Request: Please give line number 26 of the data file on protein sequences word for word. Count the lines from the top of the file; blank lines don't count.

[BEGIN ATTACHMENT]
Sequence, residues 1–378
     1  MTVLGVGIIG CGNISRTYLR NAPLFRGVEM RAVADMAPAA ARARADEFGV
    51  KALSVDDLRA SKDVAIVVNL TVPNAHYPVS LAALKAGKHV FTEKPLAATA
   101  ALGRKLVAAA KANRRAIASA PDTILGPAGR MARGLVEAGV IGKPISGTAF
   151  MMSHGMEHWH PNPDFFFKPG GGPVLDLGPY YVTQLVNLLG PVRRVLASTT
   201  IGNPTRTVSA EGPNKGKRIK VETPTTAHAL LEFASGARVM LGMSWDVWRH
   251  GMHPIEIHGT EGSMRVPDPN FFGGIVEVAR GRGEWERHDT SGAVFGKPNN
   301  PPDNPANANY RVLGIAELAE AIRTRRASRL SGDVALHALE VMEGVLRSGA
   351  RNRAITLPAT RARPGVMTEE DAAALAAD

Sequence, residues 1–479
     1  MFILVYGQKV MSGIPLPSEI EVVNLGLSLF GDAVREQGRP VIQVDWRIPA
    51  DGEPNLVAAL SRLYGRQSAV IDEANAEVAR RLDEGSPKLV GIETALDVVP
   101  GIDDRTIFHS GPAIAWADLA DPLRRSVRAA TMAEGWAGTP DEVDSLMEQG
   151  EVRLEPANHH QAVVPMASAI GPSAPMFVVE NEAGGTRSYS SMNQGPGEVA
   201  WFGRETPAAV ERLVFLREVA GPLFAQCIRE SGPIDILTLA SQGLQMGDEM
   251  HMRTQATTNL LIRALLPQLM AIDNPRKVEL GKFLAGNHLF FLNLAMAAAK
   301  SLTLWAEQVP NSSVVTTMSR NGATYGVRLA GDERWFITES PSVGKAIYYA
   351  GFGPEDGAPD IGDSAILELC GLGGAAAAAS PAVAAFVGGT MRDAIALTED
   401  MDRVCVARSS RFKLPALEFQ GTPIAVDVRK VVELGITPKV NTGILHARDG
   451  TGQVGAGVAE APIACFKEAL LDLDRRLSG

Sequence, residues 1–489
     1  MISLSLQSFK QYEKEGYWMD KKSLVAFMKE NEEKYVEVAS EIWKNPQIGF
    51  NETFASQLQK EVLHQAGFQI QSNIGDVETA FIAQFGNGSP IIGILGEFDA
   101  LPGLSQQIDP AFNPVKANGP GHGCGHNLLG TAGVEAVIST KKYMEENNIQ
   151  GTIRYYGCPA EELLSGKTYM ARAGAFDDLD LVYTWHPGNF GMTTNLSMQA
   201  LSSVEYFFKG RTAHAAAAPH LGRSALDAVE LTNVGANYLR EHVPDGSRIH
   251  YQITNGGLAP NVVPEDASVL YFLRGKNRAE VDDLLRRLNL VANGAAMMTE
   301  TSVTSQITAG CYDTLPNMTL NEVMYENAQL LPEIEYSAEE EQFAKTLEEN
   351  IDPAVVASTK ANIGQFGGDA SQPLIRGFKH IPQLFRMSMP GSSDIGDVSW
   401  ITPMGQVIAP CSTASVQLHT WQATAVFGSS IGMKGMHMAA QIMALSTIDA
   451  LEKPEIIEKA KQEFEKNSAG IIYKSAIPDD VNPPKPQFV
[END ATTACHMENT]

   201  LSSVEYFFKG RTAHAAAAPH LGRSALDAVE LTNVGANYLR EHVPDGSRIH